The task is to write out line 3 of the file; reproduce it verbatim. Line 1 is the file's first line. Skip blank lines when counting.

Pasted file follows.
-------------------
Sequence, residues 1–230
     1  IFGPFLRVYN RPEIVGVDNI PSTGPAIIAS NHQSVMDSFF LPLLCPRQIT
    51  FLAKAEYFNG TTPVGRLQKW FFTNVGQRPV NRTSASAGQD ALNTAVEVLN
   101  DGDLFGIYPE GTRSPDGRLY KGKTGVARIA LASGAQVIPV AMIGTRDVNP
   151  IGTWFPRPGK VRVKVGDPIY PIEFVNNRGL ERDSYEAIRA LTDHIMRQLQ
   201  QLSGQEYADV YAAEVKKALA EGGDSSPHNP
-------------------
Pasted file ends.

    51  FLAKAEYFNG TTPVGRLQKW FFTNVGQRPV NRTSASAGQD ALNTAVEVLN